I said it then when I found out about this, and I reiterate this point now, I would rather not have those players on the team at all if that’s how it’s going to be. I don’t believe any of them were involved in what transpired, but they were the bargaining tools in this power struggle, and the only body that looses is the hockey team. A precedent of selfishness had been set, and now I had another battle to fight, reintroducing selflessness and teamwork.
Because of this ongoing negotiation, the rest of the team had been booked in economy class. By the time an agreement had been reached, economy had been sold out, so those players were confirmed in business class, along with the manager. I was booked in coach.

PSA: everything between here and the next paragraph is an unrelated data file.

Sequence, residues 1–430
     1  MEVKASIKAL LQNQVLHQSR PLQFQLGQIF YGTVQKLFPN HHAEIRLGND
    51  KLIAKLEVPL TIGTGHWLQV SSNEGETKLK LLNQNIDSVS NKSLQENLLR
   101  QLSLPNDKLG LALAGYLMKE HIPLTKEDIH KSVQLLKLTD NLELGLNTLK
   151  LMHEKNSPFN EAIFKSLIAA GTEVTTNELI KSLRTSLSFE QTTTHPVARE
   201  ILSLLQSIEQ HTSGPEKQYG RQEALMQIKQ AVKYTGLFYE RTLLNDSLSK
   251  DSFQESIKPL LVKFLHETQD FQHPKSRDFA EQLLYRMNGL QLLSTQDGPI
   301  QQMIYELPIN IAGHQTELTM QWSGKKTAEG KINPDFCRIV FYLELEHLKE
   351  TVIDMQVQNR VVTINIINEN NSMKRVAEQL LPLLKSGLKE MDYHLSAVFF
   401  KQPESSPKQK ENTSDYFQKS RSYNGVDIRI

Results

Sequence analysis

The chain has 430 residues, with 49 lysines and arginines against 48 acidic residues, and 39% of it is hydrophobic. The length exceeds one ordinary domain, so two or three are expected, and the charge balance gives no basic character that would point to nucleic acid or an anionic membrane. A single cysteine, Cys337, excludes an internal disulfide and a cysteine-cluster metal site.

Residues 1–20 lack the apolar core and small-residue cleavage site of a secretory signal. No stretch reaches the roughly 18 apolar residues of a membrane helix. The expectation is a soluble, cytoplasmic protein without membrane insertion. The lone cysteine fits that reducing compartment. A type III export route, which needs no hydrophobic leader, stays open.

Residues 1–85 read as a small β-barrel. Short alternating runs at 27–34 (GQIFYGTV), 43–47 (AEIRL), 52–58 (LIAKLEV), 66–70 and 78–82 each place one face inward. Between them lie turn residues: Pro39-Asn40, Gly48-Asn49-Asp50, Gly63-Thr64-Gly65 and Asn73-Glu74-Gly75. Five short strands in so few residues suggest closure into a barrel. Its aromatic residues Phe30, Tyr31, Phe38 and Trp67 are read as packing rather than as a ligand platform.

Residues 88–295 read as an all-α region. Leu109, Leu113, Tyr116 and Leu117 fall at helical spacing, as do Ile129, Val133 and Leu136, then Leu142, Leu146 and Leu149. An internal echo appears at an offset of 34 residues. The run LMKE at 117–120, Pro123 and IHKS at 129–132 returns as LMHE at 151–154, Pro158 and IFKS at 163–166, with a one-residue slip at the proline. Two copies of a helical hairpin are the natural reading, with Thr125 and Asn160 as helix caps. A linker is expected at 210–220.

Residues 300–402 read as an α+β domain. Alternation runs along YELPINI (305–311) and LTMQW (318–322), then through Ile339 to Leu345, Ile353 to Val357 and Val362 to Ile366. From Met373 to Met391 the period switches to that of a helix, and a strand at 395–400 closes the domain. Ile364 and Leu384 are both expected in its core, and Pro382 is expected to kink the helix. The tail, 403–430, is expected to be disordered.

There’s two tangents I need to take here. This situation happened to me once before. When I went to China, Angela and I flew coach on a 13 hour flight. It was brutal. I held a grudge for a long time about that, because it seemed like a terrible way to treat employees that were traveling to the opposite side of the world to help others. The least you could do was get them there comfortably, especially when the cost was a speck on the organization’s operating budget.
When I was scheduled to return to China, something that never happened for me, I was again booked in coach, whereas my director at the time was booked in business class. This really ticked me off (apparently, it still does!), as it again showed a cheapness and lack of respect for people trying to help others, and I was a bit vocal about my disdain. For me, that was the beginning of the end.